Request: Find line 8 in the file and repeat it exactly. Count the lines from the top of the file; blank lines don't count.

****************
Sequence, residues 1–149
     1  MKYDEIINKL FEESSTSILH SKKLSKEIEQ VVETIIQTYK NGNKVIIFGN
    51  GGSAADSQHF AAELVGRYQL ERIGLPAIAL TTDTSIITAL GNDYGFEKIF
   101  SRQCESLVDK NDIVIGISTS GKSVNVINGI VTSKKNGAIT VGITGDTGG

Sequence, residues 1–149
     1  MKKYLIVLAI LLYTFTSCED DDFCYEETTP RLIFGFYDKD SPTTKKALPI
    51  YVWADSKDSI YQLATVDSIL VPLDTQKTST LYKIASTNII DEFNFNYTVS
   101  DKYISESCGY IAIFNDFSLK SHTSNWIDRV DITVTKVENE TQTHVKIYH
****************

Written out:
   101  DKYISESCGY IAIFNDFSLK SHTSNWIDRV DITVTKVENE TQTHVKIYH